Jennifer Brown: What a beautiful point. And I could talk to you both all day. It’s so like big picture, but also so specific. And Michael, what you just said, I mean, there are a lot of people that have shared with me that working virtually really works for them. I do think it’s because we’re sadly, we’re not in each other there’s physical space and all the triggers and biases that can occur to us in when we are co-located with each other. And there’s so many biases based on physical appearance, as we all know. And so some of my friends will say, I am misgendered so much less often in this virtual work environment. And I welcome that. I can feel more fully comfortable or people with a disability that have accommodations at home, of course, that work for them and enable them to work.
Jennifer Brown: Imagine removing the commute, removing the need to retrofit your workplace so that you can perform. So it’s fascinating to think about the lessening of some covering behaviors that has occurred as we have gone fully virtual and what that’s meant for some of us being able to feel more safe as we’ve been talking about safety. So I think this is fascinating implications for all of us. Both of you, I wanted to give you a minute each to kind of give us a parting thought if you’d like, and also for our listeners Jackson Lewis does this incredible work. If you want to get in touch with Michael or Michelle, I know they would welcome a reach out. But they’re brilliant at what they do.
Jennifer Brown: They are building a better workplace for all of us to thrive. I know that. And using the tools at our disposal, which is policies and protections and the law, but it goes so much beyond that. It goes to these intangibles, we’ve spent this past hour really talking about, which I think they are going to matter more than ever. And they must be top of mind, even if we don’t fully understand them, that does not mean that we can let them not be understood. They are incredibly important the things that we’ve talked about today. So anyway, I’ll give you all the last word. Michael, let’s start with you, and then we’ll end with Michelle.
Michael Thomas: Thank you, Jennifer and Michelle for spending this time with me. I think it’s an incredibly important conversation that we need to continue to have. More importantly, I think we need to continue to embrace this concept of uncertainty, discomfort, having these difficult conversations and actually bringing about real change within the workplace and not repeating what we’ve done in the past, just because it feels comfortable.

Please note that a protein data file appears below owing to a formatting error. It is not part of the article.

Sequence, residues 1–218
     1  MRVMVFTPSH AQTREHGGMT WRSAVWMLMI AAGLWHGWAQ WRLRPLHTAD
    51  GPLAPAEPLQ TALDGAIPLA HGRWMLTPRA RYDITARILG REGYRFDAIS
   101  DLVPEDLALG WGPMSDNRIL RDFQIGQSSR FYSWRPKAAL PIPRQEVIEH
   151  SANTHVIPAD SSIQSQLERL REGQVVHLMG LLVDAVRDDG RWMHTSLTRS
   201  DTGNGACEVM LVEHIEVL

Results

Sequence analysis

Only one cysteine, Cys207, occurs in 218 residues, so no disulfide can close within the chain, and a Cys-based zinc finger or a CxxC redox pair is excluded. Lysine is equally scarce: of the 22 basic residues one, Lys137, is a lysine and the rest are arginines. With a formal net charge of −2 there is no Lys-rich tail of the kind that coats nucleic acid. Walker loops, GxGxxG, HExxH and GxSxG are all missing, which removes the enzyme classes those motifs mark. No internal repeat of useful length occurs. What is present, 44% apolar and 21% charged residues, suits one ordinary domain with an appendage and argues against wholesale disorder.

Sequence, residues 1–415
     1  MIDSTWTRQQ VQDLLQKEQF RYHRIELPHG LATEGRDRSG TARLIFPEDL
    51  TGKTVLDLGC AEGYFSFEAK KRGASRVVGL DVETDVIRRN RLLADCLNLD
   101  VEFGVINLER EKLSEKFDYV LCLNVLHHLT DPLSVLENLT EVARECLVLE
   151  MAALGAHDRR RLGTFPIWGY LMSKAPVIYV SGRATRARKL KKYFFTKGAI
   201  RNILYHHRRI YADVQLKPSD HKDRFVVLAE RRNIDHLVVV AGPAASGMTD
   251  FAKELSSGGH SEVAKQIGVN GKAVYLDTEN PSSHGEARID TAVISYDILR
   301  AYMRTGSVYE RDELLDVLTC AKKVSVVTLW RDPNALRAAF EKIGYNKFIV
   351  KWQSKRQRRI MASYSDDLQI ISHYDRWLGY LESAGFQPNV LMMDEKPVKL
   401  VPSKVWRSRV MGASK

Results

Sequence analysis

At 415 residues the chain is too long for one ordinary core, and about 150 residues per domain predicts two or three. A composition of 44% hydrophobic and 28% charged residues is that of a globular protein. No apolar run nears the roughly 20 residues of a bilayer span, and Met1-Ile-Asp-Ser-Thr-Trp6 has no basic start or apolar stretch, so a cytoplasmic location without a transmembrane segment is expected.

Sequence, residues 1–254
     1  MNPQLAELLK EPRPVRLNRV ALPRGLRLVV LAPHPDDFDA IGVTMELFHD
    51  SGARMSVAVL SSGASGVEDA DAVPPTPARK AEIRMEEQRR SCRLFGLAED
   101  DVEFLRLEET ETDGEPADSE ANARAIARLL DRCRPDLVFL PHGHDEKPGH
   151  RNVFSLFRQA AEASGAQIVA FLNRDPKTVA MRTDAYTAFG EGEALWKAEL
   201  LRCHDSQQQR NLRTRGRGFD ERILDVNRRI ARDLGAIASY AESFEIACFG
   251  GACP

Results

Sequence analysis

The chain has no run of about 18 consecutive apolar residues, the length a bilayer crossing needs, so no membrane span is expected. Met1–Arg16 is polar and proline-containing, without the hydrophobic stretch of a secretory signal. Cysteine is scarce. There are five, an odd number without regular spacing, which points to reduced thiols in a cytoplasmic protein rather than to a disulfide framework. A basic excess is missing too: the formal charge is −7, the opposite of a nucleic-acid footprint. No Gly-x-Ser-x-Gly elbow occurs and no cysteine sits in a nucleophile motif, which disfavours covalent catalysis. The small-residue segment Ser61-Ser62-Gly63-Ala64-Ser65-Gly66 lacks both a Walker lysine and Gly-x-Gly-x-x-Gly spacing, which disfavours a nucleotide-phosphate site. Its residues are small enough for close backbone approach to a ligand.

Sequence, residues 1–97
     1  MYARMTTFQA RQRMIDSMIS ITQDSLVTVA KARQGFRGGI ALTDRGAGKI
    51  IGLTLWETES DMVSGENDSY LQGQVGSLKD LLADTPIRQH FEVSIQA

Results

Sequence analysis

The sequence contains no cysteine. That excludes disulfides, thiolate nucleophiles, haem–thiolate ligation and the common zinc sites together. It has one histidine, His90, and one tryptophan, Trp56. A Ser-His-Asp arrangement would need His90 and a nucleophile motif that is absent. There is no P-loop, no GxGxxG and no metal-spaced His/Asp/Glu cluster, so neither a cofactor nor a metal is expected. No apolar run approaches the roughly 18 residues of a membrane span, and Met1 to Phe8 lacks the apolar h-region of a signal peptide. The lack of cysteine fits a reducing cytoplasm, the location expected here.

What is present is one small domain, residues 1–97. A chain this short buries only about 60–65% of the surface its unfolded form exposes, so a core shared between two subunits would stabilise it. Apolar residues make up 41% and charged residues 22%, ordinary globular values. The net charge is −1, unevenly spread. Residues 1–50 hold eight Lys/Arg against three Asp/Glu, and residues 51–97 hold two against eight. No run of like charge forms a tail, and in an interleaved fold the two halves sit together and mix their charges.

Jennifer Brown: Great. Thank you so much, Michael. And Michelle.
Michelle Phillips: Yeah. And Michael, I’m so glad that you were able to join this call and I’m so glad that you are a partner with me in this work. I know I smile when I hear you talk, because it’s just very meaningful. I guess I’ll just end by saying that there’s a shift that I see going on in the world and there’s a real opportunity now to not just check the box. I think for a while there was a lot of DEI work going on that was just about, let’s just do some training, let’s create some awareness, but what I’m seeing with a lot of employers is they actually do want to create a more diverse and inclusive work environment. And they’re very number driven on this.
Michelle Phillips: I work very closely with employers on what can they do? How do they build the pipeline? How do they create a mentoring program that’s going to survive over time? How can they leverage through their employee resource groups to get viable candidates, to bring more people into the table and more people to the conversation? Both Michael and I advise employers on this work and we would love to be involved in your journey. And then just Jennifer, thank you so much for inviting us on this call. We really, really appreciate it.
Jennifer Brown: Absolutely. And I agree. I think we’ve got a lot to be hopeful about. It’s going to take work, but we’ve got to get to the table so we can give the input that’s going to shape what’s next. I think we have a really unique opportunity to do that right now. So thank you both for joining me. I just deeply appreciate both of you and your voices in the world. So thanks for joining me on the Will To Change.
Michelle Phillips: Thank you again.
Michael Thomas: Thank you.
Michelle Phillips: Bye-bye.
Jennifer Brown: Hi, this is Jennifer. Did you know that we offer a full transcript of every podcast episode on my website over at jenniferbrownspeaks.com. You can also subscribe so that you get notified every time a new episode goes live. Head over there now to read my latest thoughts on diversity, inclusion, and the future of work. And discover how we can all be champions of change by bringing our collective voices together and standing up for ourselves and each other.